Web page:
When I was small, I was a voracious letter writer. I probably got it from my father. In my seven years of Sainik School life, he sent more than 1000 letters to me. That encouraged me and I myself have written thousands of letters in my life to friends and family.
Since I had an incomprehensible handwriting, I took to using the ole typewriter which anyone rarely used in my house when I was about 10. That lent a lot of gravity to my letters. I used to buy all the new stamps that came out and experiment with different type of pages and envelopes.
Telegrams were especially exciting and every one preserved had some memory attached to it. (That's dead now)
I actually used to love hanging around at the local post office and take in the smell of the stationery and gum!
Then email happened and it totally killed the magic of the postal world, which is now more of a thing of necessity than one of joy.
The second world was that of newspapers and magazines. Again, I had been flicking through magazines like Time and Newsweek right from when I was small. At first it was just for the pictures, then the headlines and captions and finally the whole article.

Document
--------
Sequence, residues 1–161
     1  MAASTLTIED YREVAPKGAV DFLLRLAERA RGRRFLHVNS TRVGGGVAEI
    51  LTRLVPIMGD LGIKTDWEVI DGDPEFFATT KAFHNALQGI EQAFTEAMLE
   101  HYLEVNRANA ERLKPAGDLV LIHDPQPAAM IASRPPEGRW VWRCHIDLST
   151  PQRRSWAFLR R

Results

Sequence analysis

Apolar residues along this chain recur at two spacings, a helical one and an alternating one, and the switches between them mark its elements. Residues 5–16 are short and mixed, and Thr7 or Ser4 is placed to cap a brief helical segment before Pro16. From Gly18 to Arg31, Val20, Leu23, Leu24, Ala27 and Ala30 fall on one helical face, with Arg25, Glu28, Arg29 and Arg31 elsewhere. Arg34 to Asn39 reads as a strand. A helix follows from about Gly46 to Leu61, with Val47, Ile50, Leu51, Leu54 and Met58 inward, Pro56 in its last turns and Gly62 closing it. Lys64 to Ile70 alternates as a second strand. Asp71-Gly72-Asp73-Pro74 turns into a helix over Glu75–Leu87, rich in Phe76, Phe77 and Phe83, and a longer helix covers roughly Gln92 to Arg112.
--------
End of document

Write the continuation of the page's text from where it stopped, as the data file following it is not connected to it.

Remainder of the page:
I still remember the thrill of the newspaper before sunrise. The moment you saw it early in the morning you felt electrified and connected to an entire world. At first we used to take the Indian Express. "The fauji choice," explained my neighbour with a twinkle in his eye, "since we have to be pro-establishment in the office, we can at least read something which is anti-establishment otherwise!"
We switched to Times of India when my sister studied journalism as it was the only newspaper which "followed all the rules". (Today is it being studied for the one paper which breaks all the rules?)
One day I remember when I returned from my morning walk I saw the newspaper which had two words: "Rajiv Assassinated" above the masthead!
"I read that technique in my journalism book," said my sister smugly.
For those who don't know, Rajiv Gandhi was assassinated after 10 in the night in 1991 at a time when there was no 24X7 TV. Most of India was sleeping or going to sleep. Only those people who had phones called each other to pass on the news and jam the lines in the process. There were others who listened to late night radio bulletins.
For most Indians like me, the news was a bolt from the blue and a massive shock and that's why the headline was placed above the masthead in exceptional cases for effect!
Then online news happened. Imagine reading some interesting article in the night only for it to come two days later in the newspaper! Online news is like 100 meters dasher Asafa Powell while the newspaper is a 100-year-old man with a walking stick.
There is great depth in cyberspace too. I once read one brilliant online article in one sitting in the Atlantic which was a whopping 15,000 words long. How many magazines would I have to buy in real life to get that kind of goldmine of an article?